What is Social Thinking?
Social thinking is what we do when we interact with people. We think about what we want to say AND we think about the people with whom we are interacting. Are they happy, sad, angry, and attending to what we say or are they indifferent? How we think about people affects how we behave and communicate, which affects how others respond to us, which in turn affects our own emotions.
Whether we are with friends, sending an email, in a classroom or at the grocery store, we consider the thoughts, emotions and intentions of the people with whom we interact.
Most of us have developed our communications sense from birth onwards, steadily observing and acquiring social information and learning how to respond to people. Because social thinking is an intuitive process, we usually take it for granted. However, for many individuals, this process is anything but natural. Many of us know of someone who presents difficulty interacting socially with others and presents social limitations. These difficulties and limitations frequently have nothing to do with conventional measures of intelligence. In fact, many of these people score high on IQ and standardized tests, yet do not intuitively learn the nuances of social communication and interaction.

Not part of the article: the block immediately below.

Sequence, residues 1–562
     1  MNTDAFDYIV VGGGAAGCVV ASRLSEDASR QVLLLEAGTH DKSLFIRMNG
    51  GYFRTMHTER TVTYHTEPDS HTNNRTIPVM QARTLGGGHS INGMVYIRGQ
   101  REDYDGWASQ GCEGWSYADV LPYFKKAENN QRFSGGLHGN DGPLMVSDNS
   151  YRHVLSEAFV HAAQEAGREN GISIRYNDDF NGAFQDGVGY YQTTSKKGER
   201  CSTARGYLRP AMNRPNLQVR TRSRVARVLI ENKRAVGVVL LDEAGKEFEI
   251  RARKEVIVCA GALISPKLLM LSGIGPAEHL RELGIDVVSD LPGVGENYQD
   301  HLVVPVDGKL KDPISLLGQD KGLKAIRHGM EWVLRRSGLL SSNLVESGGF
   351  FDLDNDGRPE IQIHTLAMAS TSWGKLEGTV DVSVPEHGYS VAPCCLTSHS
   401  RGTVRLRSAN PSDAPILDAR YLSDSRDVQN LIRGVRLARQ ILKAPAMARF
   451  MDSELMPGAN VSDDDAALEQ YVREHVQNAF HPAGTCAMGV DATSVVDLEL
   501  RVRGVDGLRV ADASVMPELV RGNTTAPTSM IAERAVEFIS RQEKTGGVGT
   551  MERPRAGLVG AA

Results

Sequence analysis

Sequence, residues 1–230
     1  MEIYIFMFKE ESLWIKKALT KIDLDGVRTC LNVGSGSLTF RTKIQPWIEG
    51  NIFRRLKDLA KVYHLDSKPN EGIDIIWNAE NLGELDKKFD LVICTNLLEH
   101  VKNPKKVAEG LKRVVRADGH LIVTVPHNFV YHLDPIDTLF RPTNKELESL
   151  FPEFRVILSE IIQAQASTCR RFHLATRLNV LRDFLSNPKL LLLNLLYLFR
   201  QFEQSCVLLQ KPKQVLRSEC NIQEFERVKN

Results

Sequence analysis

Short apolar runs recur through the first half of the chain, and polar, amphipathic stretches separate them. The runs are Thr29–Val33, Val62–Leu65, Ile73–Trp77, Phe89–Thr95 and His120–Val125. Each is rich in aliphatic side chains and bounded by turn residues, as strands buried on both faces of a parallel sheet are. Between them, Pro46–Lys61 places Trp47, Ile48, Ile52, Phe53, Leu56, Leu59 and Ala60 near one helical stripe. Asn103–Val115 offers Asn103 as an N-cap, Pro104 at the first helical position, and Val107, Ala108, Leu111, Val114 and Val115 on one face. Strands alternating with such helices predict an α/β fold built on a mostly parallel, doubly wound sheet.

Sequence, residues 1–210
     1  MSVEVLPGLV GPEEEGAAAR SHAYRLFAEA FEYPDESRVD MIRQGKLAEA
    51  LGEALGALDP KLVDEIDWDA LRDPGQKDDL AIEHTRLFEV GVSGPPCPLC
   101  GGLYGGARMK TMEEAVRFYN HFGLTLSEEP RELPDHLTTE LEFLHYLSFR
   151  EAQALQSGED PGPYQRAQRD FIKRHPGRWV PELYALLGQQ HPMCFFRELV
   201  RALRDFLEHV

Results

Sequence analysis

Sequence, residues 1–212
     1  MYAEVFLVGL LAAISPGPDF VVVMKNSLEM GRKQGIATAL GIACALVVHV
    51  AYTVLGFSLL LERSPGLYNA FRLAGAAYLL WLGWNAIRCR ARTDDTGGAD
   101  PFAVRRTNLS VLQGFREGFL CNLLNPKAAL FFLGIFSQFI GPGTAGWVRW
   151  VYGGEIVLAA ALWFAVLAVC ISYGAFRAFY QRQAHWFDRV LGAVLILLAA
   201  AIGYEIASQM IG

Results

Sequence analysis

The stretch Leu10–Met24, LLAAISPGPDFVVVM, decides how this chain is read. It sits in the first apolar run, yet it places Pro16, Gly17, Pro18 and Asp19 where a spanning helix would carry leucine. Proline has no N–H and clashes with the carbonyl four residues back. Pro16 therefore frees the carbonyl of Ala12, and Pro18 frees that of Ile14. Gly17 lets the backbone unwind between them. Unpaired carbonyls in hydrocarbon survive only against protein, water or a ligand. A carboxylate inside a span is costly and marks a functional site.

These challenges are commonly experienced by individuals with autism spectrum disorders (high-functioning), social communication disorder, Asperger’s, ADHD, nonverbal learning disability (NLD) and similar diagnoses. However, children and adults experiencing social learning difficulties often have received no diagnosis.
The Speech-Language Pathologists, at Central Florida Speech & Hearing Center, are offering a treatment framework and curriculum that are based on the principles developed by Michelle Garcia Winner’s “Social Thinking.” This curriculum targets improving individual social thinking abilities, regardless of diagnostic label. Therapy strategies address individual strengths and weaknesses in processing social information.
Our Social Thinking program targets pre-teens, teens, and young adults with social thinking challenges. For more information please visit www.whatissocialthinking.com or call and speak to one of our speech-language pathologists about enrolling in one of our programs.